• School Swimsuit: Fairly common in fanart in general. Touhou EWI series by WINN, has the girls play their themes and fire danmaku at the same time while wearing school swimsuits.
  • Schrödinger's Player Character: In most games the characters the player didn't select still exist, just don't expect to hear from them until the ending.
    • Subverted in both Lotus Land Story and Imperishable Night, when the character you didn't select shows up as one of the bosses.
    • Naturally averted in the versus shooters and fighting games where you get to fight most of the characters you didn't pick. Phantasmagoria of Flower View, Scarlet Weather Rhapsody and Hisoutensoku even have everyone's story canonically happening in some order.
    • Interestingly played with in Embodiment of Scarlet Devil. Rin Satsuki was supposed to be a player character for that game, but was removed for unknown reasons. A line from Marisa during her route suggests that Rin had a profession as a doctor, like Eirin, but Fanon takes this all over the place.
  • Seinfeldian Conversation: Er... often. Some of it is due to the heavy use of references to eastern mythology or folklore and metaphors that only make sense in Japanese.
  • Self Fanservice:
    • One important reason for Touhou's popularity is how ugly ZUN's original character art is, inspiring legions of fan artists to improve it. As alluded to elsewhere, he seems to have trouble drawing a girl who looks postpubescent, leaving fans to come to a consensus on what some characters should "really" look like.
    • In a broader sense, the entire series itself has next to nothing resembling sexual or romantic content, but you would never guess that from the fandom.
    • Bare Your Midriff: Fanart often shows the blouses worn by characters such as Reimu, Marisa, Flandre or Sanae riding up when they raise their arms.
  • Shout-Out: Many characters are Shout Outs to one thing or another. Full details on all of them on the character page.
    • Many, many references to Alice in Wonderland, including a character named Alice.
    • ZUN is an admitted fanboy of JoJo's Bizarre Adventure and as such there are lots of shout outs to that series. Sakuya performing ZA WARUDO is one such example.
    • Three different characters have references to the works of Agatha Christie.
    • Stage 6 of UFO has rows of fairies that move in a zig-zag pattern and fire bullets straight downwards, as a reference to Space Invaders.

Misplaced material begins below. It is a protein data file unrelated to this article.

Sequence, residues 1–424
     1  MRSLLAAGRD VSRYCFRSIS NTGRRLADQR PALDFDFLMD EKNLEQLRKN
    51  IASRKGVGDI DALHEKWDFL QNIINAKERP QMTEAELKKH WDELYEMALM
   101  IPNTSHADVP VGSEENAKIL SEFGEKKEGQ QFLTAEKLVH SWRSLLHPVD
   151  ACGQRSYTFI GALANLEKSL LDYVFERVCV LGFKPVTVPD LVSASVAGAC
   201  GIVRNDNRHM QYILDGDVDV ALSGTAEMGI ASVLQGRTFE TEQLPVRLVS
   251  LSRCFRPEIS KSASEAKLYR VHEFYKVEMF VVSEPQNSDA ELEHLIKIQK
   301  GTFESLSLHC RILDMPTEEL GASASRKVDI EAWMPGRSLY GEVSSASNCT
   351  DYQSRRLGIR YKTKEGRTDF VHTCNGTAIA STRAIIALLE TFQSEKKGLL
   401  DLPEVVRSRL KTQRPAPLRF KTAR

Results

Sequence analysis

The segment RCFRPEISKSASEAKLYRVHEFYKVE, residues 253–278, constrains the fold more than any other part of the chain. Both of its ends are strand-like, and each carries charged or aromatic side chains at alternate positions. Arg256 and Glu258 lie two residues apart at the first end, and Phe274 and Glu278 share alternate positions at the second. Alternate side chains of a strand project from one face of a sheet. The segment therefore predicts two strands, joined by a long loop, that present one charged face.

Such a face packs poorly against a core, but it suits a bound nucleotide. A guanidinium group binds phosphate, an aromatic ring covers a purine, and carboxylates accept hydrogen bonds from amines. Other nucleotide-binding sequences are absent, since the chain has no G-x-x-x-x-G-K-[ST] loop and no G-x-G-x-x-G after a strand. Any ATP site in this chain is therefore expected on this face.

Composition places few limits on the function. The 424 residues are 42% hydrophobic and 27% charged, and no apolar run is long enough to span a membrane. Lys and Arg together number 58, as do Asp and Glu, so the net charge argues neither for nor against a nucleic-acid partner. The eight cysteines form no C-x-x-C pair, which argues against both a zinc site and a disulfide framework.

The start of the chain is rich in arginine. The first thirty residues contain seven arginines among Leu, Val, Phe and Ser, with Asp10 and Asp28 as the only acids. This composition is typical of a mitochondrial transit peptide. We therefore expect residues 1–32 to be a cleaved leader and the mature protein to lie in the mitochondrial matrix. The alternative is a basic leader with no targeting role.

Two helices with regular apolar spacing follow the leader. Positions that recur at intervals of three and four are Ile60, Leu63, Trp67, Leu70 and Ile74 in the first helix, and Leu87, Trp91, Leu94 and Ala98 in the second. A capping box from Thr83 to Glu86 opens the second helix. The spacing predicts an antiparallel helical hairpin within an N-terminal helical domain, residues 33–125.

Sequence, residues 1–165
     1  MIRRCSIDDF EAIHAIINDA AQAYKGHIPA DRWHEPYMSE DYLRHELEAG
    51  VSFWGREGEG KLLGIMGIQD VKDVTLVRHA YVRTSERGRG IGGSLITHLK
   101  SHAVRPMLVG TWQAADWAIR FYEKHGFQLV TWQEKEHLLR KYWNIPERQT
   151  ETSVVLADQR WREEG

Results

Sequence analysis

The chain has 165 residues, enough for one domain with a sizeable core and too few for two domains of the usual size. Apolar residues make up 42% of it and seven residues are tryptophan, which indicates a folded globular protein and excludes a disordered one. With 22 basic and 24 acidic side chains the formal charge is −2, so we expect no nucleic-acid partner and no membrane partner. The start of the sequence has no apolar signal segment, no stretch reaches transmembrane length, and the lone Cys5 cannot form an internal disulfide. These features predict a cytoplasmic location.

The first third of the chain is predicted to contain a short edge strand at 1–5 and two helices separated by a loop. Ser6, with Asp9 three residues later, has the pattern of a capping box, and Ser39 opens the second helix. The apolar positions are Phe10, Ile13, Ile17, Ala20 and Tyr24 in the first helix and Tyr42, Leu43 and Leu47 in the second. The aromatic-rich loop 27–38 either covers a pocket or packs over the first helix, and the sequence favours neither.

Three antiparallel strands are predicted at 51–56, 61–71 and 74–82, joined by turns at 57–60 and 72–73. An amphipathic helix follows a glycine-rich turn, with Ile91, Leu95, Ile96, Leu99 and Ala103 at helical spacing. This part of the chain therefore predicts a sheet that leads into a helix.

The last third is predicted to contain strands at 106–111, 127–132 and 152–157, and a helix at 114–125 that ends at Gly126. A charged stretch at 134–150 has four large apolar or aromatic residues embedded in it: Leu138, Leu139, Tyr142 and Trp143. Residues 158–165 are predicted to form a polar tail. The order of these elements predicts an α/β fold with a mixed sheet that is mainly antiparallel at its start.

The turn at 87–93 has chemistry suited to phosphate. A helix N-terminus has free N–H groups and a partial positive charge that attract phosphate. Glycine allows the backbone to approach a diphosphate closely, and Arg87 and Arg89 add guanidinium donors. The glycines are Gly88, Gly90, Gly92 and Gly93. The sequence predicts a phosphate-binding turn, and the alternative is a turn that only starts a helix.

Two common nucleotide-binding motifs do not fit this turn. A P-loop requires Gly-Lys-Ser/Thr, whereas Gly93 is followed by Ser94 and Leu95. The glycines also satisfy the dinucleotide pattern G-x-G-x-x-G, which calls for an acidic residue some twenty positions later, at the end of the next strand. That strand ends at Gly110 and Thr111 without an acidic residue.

• Nue, the Extra Stage boss of the above game, has mutiple. She has a spell card that uses PlayStation buttons, and references the Nue of legend.
    • One strip in Inaba of the Moon and Inaba of the Earth contains a reference to the Wizardry series. Also, a certain weapon in the comic is labelled "HHG of Aunty Ock".
  • Sleeper Hit: Even the fandom is baffled at how a simple shooting game got so popular.
  • Slice of Life: Very common in official written works, especially the manga Eastern and Little Deity / Strange and Bright Nature Deity / Oriental Sacred Place[32] and the short story serial Curiosities of Lotus Asia. This tends to put off some fans who are used to the combat-heavy games, though others enjoy the laid-back view of Gensokyo.
  • Sliding Scale of Silliness Versus Seriousness:
    • Canon Touhou works in general tend to be on the silly side.
    • Fanworks can be anywhere on the scale. ZUN seems to encourage this intentionally, for instance by never explicitly nailing down how dangerous it really is for humans to live in Gensokyo.
  • Space Station: Torifune, introduced in Trojan Green Asteroid. It is[33] a Japanese space station designed to test terraforming practices. Then it somehow became an illusion and is now a fantasy jungle floating in outer space.
  • Spell My Name with an "S": Official spellings for character and place names can vary within the series. For example, ZUN writes "Gensokyo" in English in Perfect Cherry Blossom--this is predominantly the spelling the fandom uses. The back cover of Grimoire of Marisa spells it as "Gensoukyo." "Gensoukyou" and "Gensokyou" are alternate spellings directly derived from the romanization from the kanji involved, and there has been a push by some fans to make either spelling the common variant.
  • Spring Is Late: In Perfect Cherry Blossom.
  • Story Arc: So far, the series can be split into two arcs, with characters from the first unlikely to show up in the second.
    • The first Arc represents the first five games, with Mima as a recurring villain-type even though she's only a primary opponent in the first two.
    • The second Arc so far represents every version released for Windows, with a new villain every time. Also, games after Touhou 10 have a plot that is kick-started by events in the game before.
  • Stronger Sibling

ZUN: 'When it comes to Gensokyan sisters, in general the younger one is "broken"'.

  • Stronger with Age: A general rule of the setting. Animals will turn into youkai if they manage to live long enough, and something similar appears to apply to humans, going by the immortals we've seen.